Embarrassed

Is anyone else embarrassed? I am so embarrassed and ashamed of our country right now. I can’t help but feel like we just let all of our skeletons clatter out of the closet. We always hear how wonderful New Orleans is. Everyone sort of knew it was a poor town, but I doubt many people outside of the US had any clue. We act like we are “all that,” for lack of a better phrase. We dole out contributions to other countries like candy, but we can’t even keep our own citizens above the poverty line. It is shameful. I am so upset that we let these people down. But when I really start to think about it, I think we have been letting them down for years now, with a welfare system that doesn’t teach them to survive–doesn’t give them the resources to help themselves, but rather keeps them trapped in a cycle that makes them wait to be rescued because they have no other recourse. It’s hidious that we have allowed this system to become so enveloping. And it’s just as hidious that the government wasn’t there for a group of people who were taught to rely on it.

I hope this event not only shakes up our sense of security and preparedness, but also our view of the welfare system and what it produces. The majority of the people left behind in the hurricane were undoubtedly on welfare assistance of some sort and I can’t help but feel as though they have received so many hand outs, so much help, that they simply assumed the government would help again because they had not been taught to have any other resources. We let them down in so many ways. I can only hope this event makes us rethink how we help the poor. And reminds us just how dependent they are on us.

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3 responses to “Embarrassed

  1. Ok. Let’s look at “poverty” in the US…many people at the poverty level choose to stay there. Many like the government assistance that allows them to not work, have many children and live that way for the rest of their life. That’s not to say that everyone at that level does, just the majority.
    New Orleans was a ‘welfare’ city to begin with. That is a fact.
    “We” didn’t let them down.
    “We” can’t get to everyone! JMHO…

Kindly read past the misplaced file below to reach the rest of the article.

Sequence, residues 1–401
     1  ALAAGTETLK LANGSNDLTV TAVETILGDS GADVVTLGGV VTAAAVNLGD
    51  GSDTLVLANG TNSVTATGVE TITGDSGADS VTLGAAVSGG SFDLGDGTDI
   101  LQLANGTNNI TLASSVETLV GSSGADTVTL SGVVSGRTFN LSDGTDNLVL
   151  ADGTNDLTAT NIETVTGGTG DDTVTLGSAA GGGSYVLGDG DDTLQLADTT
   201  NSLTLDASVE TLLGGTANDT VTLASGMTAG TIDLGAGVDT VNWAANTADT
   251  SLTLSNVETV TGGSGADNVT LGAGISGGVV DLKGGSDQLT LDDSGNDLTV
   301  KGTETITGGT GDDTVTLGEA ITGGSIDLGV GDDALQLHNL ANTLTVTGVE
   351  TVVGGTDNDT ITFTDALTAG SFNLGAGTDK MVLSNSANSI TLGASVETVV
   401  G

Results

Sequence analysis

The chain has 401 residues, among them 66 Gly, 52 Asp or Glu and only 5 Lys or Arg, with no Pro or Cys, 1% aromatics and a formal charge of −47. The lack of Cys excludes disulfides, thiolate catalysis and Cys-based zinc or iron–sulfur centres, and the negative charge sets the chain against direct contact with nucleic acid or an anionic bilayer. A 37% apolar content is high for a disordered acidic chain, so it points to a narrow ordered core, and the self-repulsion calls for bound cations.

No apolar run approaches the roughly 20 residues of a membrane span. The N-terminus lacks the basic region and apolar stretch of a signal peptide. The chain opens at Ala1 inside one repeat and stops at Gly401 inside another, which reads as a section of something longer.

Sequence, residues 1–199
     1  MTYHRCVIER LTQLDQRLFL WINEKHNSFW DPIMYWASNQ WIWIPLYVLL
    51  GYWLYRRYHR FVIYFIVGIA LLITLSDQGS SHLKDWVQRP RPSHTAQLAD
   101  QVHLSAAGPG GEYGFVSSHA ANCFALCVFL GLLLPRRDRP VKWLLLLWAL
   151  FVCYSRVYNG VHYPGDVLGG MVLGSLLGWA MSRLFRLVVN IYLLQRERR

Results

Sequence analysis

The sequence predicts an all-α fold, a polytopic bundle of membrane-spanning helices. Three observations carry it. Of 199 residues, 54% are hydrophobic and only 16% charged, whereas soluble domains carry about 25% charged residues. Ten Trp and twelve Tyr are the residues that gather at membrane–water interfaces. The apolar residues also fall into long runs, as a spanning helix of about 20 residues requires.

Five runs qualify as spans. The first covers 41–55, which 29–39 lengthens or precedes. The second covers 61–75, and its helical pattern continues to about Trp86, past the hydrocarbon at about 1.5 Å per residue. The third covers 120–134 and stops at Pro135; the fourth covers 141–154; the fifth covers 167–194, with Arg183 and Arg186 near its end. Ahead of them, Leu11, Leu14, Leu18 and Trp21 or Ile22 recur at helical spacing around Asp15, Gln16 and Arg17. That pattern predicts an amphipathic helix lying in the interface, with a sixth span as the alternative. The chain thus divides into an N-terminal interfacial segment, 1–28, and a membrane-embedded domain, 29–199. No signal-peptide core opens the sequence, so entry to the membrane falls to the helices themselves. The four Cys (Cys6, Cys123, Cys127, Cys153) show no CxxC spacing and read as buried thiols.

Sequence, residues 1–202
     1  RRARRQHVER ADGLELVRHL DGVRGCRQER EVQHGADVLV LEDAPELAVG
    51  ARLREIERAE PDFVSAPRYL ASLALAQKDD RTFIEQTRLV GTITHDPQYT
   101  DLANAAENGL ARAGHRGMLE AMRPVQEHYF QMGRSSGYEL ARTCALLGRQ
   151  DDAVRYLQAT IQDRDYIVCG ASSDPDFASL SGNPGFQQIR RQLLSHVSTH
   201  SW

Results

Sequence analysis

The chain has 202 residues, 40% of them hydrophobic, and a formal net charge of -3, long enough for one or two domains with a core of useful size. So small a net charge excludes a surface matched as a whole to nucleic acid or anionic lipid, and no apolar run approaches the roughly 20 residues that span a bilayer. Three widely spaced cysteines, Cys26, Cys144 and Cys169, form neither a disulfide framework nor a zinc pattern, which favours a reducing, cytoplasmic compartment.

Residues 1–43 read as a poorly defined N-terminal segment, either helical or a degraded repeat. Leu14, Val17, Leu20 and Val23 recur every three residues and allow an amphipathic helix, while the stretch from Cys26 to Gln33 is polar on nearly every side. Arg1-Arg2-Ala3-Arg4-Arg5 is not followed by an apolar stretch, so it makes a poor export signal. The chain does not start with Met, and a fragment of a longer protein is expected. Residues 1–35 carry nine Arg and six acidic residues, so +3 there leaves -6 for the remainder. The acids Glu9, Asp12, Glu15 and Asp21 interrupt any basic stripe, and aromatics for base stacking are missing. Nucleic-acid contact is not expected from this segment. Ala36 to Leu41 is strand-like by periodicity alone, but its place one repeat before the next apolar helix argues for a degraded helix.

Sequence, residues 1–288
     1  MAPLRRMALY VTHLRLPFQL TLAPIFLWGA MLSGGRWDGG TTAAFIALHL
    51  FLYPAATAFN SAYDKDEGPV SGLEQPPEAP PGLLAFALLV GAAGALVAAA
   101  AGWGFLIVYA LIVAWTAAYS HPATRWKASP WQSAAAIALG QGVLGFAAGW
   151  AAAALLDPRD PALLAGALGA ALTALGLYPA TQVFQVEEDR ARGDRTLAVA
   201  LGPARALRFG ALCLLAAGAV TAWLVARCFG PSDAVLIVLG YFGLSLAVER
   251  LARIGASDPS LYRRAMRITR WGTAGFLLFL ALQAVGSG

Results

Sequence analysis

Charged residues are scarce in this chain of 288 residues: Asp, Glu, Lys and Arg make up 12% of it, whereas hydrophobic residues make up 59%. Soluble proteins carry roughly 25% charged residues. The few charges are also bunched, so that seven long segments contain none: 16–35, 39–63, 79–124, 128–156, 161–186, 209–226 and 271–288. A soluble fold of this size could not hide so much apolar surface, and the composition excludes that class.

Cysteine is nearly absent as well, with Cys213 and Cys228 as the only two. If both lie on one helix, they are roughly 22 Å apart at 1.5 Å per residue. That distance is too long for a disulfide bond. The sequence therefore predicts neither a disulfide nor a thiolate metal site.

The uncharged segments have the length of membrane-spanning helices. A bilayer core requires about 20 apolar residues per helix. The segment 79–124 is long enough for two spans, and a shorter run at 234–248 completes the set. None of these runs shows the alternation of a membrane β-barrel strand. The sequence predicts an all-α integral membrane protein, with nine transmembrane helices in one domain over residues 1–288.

2. I wouldn’t say I was embarrassed by the government’s actions. It IS disappointing that these people haven’t been weaned off gov’t assistance. Cut it off after a certain length of time and these people are more inclined to work to eat and provide for your family. Being poor can and should be a temporary situation, not a way of life for these people.

    This was a massive, massive disaster. These people, by not abiding by their elected officials warnings (their gov’t), stayed behind and made this disaster much worse! I too hope this opens some eyes on some things that aren’t right with our system.

  3. Hey Rach,
    How are you? I thought that I would check out your blog, and I hope that you don’t mind my response to your opinions.
    I can’t agree with your comments more surrounding our flawed welfare system.
    I can’t agree more with Daddy Mac in a sense that there should definitely be finite time limits set for government assistance, and after that people should be cut loose from the government nipple. The money saved from the countless cases of those who abuse the welfare system should be thrown back into the mix to create jobs, provide child care, and raise the minimum wage. This action would empower those who want to make a better life for themselves and their families, thus allowing them to grow independent of government support. Hopefully this would help minimize catastrophes such as Katrina.

    On another note, the press is really focusing on the fact that those who stayed in New Orleans did so because of financial ineptitude, but what they are failing to focus on is the “Cry Wolf” factor. Having talked to a couple of people from New Orleans, I have consistently heard that the constant threat of hurricanes played a huge factor in the decision of many to stay.
    Do you know how many times during the last twenty years Florida,
    Alabama, Mississippi, Louisiana and even Texas have received hurricane warnings in the last fifty years? Too many to count.

    My Grandfather, Aunt, and Uncle who are all very well off refused to leave Brevard County, Florida when Ivan hit…

    Just wanted to leave you some food for thought…

    On one last note, there is a silver lining in this whole catastrophe. Many people, such as yourself, are showing are showing what it means to be a socially responsible American through the massive outpouring of kindness, charity, donations and volunteering.

    Time to go to bed.

    – Jeff G.

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